I had great intentions. I had great motivations. But for years, I didn’t understand the way the church worked – and it made me part of the problem instead of part of the solution.
We were going through a period of exciting growth in our church, and everyone’s focus was on how we as a church could do more and more. More creative programs. More outreach efforts.
I had some good ideas about things our church could do to reach out to the community. I had people on the church staff commending me and telling me that my ideas were great.
It was exciting to share these ideas, to envision them being enacted, and to think of all the good that would come of them. We as a church could grow and do wonderful things.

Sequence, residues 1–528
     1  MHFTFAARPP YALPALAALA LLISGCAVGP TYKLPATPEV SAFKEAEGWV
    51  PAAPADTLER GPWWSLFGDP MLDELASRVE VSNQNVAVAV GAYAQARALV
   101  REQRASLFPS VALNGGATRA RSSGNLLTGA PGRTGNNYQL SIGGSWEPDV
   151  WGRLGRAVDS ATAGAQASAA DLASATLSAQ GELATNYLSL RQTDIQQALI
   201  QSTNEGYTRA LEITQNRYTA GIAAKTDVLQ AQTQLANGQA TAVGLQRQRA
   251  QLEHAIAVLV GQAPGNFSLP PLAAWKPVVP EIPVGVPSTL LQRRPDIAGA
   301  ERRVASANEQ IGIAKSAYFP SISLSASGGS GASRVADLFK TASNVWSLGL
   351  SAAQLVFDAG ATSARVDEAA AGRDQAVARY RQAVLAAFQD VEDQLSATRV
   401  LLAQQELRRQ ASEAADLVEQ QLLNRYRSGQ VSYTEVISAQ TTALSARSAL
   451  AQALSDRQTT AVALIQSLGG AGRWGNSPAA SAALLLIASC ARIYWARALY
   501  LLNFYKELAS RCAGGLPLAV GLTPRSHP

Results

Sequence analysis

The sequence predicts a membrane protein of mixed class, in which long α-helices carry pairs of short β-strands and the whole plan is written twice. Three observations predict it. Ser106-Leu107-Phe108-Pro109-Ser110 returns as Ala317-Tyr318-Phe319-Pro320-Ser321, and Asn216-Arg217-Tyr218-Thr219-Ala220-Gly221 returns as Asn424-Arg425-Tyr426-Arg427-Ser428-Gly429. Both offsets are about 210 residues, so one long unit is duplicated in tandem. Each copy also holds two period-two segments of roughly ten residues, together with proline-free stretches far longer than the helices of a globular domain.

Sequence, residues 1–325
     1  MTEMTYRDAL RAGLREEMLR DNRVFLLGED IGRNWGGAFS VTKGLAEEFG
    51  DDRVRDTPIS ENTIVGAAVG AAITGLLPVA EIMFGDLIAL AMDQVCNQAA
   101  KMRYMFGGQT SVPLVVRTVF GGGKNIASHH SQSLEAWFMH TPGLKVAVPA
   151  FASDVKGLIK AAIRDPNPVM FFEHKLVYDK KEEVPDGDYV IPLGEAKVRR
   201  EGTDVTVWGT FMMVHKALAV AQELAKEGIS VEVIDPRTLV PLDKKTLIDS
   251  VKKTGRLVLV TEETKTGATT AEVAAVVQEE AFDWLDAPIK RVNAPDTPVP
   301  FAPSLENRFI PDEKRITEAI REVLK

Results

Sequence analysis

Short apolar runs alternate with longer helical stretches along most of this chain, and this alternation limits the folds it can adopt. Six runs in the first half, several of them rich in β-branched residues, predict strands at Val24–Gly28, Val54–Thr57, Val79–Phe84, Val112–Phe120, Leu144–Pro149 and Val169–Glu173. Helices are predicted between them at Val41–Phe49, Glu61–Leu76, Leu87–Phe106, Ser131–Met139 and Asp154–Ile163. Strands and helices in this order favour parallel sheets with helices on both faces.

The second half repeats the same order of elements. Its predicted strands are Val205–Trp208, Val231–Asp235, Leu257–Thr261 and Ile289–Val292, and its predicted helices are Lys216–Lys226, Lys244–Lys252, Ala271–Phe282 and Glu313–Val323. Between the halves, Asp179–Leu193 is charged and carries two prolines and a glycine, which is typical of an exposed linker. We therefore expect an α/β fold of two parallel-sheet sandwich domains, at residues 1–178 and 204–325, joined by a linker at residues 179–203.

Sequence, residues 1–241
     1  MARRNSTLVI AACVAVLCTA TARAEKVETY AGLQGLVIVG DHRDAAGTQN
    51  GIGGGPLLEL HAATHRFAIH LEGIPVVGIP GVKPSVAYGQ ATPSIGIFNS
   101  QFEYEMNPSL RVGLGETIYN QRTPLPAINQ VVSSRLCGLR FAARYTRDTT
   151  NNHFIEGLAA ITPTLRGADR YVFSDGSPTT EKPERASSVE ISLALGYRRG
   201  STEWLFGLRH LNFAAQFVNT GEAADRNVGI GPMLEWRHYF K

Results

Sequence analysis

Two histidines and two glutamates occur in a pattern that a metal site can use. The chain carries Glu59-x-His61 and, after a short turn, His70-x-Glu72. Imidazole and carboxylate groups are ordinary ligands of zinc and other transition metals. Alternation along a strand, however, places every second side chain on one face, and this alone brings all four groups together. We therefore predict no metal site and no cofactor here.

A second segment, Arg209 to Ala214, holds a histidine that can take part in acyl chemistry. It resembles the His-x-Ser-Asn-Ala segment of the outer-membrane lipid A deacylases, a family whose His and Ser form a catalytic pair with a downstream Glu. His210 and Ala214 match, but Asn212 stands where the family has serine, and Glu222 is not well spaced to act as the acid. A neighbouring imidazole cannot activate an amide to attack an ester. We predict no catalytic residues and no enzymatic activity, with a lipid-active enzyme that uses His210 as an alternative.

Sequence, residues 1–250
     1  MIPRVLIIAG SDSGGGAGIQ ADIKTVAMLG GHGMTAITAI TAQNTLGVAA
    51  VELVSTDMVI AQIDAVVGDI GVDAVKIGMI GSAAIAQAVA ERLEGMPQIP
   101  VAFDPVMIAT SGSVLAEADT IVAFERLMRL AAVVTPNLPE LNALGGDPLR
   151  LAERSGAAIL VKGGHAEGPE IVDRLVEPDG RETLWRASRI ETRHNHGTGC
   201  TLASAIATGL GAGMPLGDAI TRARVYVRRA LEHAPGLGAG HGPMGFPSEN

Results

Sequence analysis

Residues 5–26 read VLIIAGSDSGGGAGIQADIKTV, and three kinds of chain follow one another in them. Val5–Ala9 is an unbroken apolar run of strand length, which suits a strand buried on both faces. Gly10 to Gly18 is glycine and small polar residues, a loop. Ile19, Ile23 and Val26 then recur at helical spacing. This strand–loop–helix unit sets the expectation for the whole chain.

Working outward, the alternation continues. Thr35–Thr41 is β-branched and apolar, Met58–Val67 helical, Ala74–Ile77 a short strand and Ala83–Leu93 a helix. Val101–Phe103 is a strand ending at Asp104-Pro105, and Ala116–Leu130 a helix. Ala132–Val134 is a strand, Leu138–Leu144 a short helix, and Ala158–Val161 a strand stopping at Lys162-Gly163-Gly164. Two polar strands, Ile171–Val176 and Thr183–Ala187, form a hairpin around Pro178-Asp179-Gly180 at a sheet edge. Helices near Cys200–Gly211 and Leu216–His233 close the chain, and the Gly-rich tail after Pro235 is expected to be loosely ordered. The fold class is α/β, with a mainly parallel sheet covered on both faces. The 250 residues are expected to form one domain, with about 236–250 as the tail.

Other People’s Efforts
But I realized something about my ideas. I was really good at coming up with stuff that we could do, that the church could do – in other words, things that other people could do. Not me – because I was already so busy. I served on the tech crew, I taught a small group class, I played bass in the contemporary service – I was already doing a ton.
These great ideas were things for other people to organize and implement and evaluate and work at. I came up with the idea – it was the church’s job to make the rest happen. Sure, I’d be willing to volunteer – I just can’t do that much. I’m so busy, you see.